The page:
Report Finds Majority of Faculty Technologically Stressed

Report Finds Majority of Faculty Technologically Stressed

Computer anxiety is surpassing traditional faculty troubles, according to a new national survey of faculty

WASHINGTON — As college students research papers on the Internet and manipulate numbers on spreadsheets, their professors are feeling a little less in tune with the newest computer trends.
Two out of three professors say they are stressed trying to keep up with the emerging technology, surpassing traditional troubles such as publishing pressure and teaching loads, according to a new national survey of faculty.
Researchers say college professors may  not be using new technology because it scares them — which, in turn, means they never learn how it works or how to handle it calmly.
“The level of stress resulting from information technology is quite likely a reflection of the time faculty invest in computer use,” says Linda Sax, a researcher who directed the faculty survey at the University of California-Los Angeles.
Nearly nine in 10 college instructors agreed that “student use of computers enhances their learning.” But only 35 percent use the Internet to conduct research and just 38 percent use technology to create class presentations.
By contrast, 87 percent use computers to send e-mail, and 85 percent use them to write memos or letters.
The 34,000 faculty members surveyed by mail in the 1998-99 academic year came from 378 of the nation’s two-year and four-year colleges and universities.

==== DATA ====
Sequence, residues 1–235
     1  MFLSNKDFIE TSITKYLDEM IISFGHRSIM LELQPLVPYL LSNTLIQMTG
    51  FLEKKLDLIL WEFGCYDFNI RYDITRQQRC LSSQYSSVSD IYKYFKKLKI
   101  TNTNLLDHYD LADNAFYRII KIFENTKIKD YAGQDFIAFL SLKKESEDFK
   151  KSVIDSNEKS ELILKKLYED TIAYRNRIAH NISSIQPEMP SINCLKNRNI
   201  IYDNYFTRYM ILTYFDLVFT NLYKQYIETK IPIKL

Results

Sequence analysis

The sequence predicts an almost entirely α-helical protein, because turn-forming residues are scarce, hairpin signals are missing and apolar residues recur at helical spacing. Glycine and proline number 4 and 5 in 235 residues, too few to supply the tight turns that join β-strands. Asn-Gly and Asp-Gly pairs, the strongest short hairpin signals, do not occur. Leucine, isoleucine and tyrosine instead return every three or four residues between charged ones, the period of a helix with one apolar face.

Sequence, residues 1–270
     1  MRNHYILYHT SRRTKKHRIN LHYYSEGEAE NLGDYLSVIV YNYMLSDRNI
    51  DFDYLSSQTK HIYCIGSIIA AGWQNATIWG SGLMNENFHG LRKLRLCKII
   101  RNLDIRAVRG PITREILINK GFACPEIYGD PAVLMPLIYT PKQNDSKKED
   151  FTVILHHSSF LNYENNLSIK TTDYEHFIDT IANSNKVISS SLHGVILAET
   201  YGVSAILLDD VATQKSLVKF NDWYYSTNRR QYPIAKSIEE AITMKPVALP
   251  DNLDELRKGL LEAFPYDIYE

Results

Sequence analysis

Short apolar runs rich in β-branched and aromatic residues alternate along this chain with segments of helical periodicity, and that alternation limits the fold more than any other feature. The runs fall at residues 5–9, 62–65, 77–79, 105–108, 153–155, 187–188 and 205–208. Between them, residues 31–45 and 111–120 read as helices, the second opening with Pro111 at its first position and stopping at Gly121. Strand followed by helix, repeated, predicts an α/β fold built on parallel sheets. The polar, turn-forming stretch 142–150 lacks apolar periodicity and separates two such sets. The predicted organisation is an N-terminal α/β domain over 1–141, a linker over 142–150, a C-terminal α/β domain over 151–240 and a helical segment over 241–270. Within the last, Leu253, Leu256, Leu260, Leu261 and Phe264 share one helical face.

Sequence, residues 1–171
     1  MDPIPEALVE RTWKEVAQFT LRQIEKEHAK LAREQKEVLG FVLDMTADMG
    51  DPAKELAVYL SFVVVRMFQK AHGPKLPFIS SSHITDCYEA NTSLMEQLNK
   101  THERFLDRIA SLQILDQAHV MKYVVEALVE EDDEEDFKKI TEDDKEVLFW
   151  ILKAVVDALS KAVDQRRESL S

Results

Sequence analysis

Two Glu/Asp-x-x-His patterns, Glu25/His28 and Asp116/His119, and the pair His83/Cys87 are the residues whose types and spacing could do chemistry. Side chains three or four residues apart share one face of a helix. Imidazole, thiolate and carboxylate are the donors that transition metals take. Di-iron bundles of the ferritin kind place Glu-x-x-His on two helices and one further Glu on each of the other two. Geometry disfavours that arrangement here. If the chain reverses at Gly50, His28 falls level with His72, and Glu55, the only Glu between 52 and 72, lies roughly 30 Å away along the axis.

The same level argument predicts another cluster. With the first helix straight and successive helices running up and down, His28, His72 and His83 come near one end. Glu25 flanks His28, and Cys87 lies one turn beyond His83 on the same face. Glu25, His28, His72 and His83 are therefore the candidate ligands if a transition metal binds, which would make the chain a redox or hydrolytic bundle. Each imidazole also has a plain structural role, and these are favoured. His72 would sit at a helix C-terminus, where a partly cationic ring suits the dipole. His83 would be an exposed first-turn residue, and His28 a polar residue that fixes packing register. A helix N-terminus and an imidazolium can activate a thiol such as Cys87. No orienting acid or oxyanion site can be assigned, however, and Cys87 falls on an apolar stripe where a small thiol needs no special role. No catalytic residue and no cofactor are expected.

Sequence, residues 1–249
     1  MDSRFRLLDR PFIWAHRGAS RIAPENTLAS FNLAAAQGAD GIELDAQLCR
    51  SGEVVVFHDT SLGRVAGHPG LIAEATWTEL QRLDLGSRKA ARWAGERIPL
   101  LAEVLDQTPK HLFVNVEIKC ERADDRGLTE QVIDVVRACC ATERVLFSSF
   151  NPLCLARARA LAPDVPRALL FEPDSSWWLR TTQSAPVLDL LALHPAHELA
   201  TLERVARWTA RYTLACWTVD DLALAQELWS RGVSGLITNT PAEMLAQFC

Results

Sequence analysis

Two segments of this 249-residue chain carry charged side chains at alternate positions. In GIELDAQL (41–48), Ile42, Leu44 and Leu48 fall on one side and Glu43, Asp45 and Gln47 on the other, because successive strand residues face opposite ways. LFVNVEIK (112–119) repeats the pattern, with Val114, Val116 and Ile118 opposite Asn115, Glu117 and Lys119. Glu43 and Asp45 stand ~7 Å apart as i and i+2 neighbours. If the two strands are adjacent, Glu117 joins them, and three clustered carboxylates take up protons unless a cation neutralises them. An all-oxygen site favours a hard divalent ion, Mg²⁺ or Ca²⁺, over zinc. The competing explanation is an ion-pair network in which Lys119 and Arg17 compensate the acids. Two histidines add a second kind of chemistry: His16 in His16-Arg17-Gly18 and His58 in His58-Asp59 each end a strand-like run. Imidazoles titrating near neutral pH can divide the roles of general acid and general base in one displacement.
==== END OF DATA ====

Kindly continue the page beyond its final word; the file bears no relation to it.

The survey suggests that colleges, much like the nation’s elementary and secondary schools, have a way to go in preparing teachers for their technically savvy students.
“We are seeing a generation that has practically grown up with computers as a part of everyday life — whether it’s at home or in their K-12 classes,” says Harlan Leebo, a UCLA spokesman. He notes that 80 percent of last year’s freshmen arrived with their own computers.
UCLA does not require students to have computers, but other higher education institutions do. And some schools even offer counseling for students who suffer from computer anxiety.
But professors might not be getting such help. According to the survey, “technology-related stress” was only topped by meeting household responsibilities, not having a personal life and other time pressures.
It even surpassed traditional stresses. Sixty-seven percent of faculty said they felt regular stress keeping up with information technology. That beat the 62 percent stressed by their teaching loads, and only 50 percent who said they were stressed by research or publishing demands.
Older faculty, those age 65 and older, were less likely to use the technology and more likely to report that computers caused them stress. The 1999 survey also found:
Little change in faculty diversity since the first survey 10 years ago — 92 percent of current instructors are White, compared with 90 percent in 1989.
College staffs are aging — 32 percent of faculty are 55 years or older, compared with 24 percent in 1989.
More faculty are satisfied with their jobs — 75 percent this year compared with 69 percent in 1989.                                   



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